H somni is a gram-negative coccobacillus, and is considered a commensal of bovine mucous membranes. Pathogenic and non-pathogenic strains may be shed in nasal or urogenital secretions, and it is thought that inhalational exposure can lead to colonisation of the respiratory tract and subsequent haematogenous spread (Janzen, n.d.).

When infection of cattle with H somni was first described in 1956, thromboembolic meningoencephalitis (TEME) was the most common form (Radostits et al, 2000). Since then, however, a range of other clinical forms have been described, including septicaemia, polysynovitis, pleuritis, suppurative bronchopneumonia, myocarditis, otitis media, mastitis, and reproductive tract diseases (Radostits et al, 2000). In an Australian context, it has been suggested that Bovine Respiratory Disease (in feedlot cattle or post-transport) is the most common manifestation of the H somni disease complex, but that there may be an increasing prevalence of other presentations of the disease (Read and Slattery, 2011).

The histological findings in this case were consistent with the neurological form of the Histophilus somni disease complex. This aetiology was confirmed by bacterial culture. 

Previous antimicrobial treatment can prevent recovery of the organism (Janzen, n.d.), but, in this case, H somni was cultured in spite of the fact that the animal had been treated with oxytetracycline the day prior to death. Around the time of this case, staff at the State Veterinary Diagnostic Laboratory reported several cases of disease due to H somni in which a positive culture was obtained despite recent antimicrobial therapy (T Westermann, pers. comm.). For this reason, attempting culture in suspect cases should not necessarily be ruled out on the basis of recent antimicrobial treatment.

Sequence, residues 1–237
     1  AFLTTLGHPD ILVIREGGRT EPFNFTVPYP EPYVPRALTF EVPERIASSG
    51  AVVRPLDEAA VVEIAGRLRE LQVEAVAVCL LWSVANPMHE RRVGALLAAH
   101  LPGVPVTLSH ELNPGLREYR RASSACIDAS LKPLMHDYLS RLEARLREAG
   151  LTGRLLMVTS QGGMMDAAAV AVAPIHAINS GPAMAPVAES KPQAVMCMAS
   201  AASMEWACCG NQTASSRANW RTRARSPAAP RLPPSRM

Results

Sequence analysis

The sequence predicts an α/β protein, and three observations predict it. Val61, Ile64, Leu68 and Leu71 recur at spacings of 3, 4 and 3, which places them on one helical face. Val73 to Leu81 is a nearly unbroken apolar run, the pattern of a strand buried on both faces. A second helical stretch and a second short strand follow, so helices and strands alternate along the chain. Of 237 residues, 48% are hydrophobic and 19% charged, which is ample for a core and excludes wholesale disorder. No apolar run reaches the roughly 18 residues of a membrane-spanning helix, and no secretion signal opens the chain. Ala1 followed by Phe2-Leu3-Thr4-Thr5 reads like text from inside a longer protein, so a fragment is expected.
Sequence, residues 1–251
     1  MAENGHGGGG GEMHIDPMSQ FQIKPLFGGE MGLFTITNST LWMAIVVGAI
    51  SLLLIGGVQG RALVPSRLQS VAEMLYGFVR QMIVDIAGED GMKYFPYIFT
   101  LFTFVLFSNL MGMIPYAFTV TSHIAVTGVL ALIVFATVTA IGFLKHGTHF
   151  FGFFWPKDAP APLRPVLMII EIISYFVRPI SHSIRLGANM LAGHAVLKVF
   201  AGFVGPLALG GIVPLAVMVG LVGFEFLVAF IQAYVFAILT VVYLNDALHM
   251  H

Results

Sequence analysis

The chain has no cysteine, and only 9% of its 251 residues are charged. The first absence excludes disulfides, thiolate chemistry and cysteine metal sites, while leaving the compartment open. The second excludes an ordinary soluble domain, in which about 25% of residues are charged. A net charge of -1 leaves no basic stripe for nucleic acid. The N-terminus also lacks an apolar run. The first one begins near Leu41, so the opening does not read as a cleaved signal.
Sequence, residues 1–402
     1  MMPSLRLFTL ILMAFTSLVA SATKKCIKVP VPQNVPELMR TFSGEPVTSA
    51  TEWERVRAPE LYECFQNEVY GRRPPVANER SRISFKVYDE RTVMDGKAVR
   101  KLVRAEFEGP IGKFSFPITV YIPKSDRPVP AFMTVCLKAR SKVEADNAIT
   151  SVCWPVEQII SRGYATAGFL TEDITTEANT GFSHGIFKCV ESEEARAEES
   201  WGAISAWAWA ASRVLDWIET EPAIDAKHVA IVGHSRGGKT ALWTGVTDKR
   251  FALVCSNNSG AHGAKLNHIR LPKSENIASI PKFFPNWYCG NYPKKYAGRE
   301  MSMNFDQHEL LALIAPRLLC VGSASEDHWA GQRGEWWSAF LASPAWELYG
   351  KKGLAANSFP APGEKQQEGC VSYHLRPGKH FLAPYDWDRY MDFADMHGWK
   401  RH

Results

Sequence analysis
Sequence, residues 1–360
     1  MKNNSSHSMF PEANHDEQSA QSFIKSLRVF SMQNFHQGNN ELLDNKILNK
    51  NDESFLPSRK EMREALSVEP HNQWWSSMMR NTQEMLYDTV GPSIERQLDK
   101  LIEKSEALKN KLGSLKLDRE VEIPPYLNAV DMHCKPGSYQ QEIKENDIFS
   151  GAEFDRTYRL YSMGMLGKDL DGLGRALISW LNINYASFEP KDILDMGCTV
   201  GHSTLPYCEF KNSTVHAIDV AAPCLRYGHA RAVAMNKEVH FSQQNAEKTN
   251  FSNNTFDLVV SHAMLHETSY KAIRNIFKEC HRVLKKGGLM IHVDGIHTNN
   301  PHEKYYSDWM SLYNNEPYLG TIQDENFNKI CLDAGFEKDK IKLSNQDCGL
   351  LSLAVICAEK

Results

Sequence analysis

There are several historical and clinical features of this case which are consistent with typical reports of the disease. Recently weaned calves (the age group affected in this case) are known to be at a higher risk of illness and death due to H somni (Janzen, n.d.). Clinically, the marked depression and the low morbidity/high mortality are consistent with other reported cases of TEME (Janzen, n.d.; Perez et al, 2010). 

The fact that disease occurred in extensively grazed animals is not typical of the H somni disease complex, which is more commonly reported in feedlot animals (Perez et al, 2010). However, TEME has previously been described in grazing cattle (Perez et al, 2010).

It is possible that the mixing of recently weaned cattle with a mob of older animals contributed to the development of disease in this case. Older animals may have been more likely to be carriers of the organism, while the younger stock may have been unexposed, and also immunocompromised following the recent stress of weaning. It is possible that other diseases (e.g. common viral agents such as BVDV) also contributed to an immunocompromised state, but serology to determine herd exposure was not performed in this case. It was suggested to the owner that focussing on low-stress weaning and avoiding mixing recently weaned animals with older cattle might reduce the risk of disease occurring. However, it is difficult to predict the likelihood of cases in future years, since animal husbandry in this herd was already of a high standard.

In this case, the owner administered oxytetracycline and meloxicam to the ataxic heifer five days after the initial dose, and stiffness continued to improve. No further suspect cases were observed.


Particular thanks to the owner for generously providing a detailed history and management notes, and to Tom Westermann (Elizabeth Macarthur Agricultural Institute) for comments on H somni culture and diagnosis.


  1. Janzen ED (n.d.) Overview of Histophilosis, accessed 20/11/17,
  2. Perez DS, Perez FA, Bretschneider G (2010) ‘Histophilus somni: pathogenicity in cattle. An update’, Anales de Veterinaria de Murcia, Vol. 26, pp. 5-21
  3. Radostits OM, Gay CC, Blood DC, Hinchcliff KW (2000) Veterinary Medicine: A Textbook of the Diseases of Cattle, Sheep, Pigs, Goats and Horses. 9th Edition, WB Saunders, London
  4. Read L, Slattery S (2011) Bovine Histophilus Cases in the North West LHPA, accessed 8/1/18,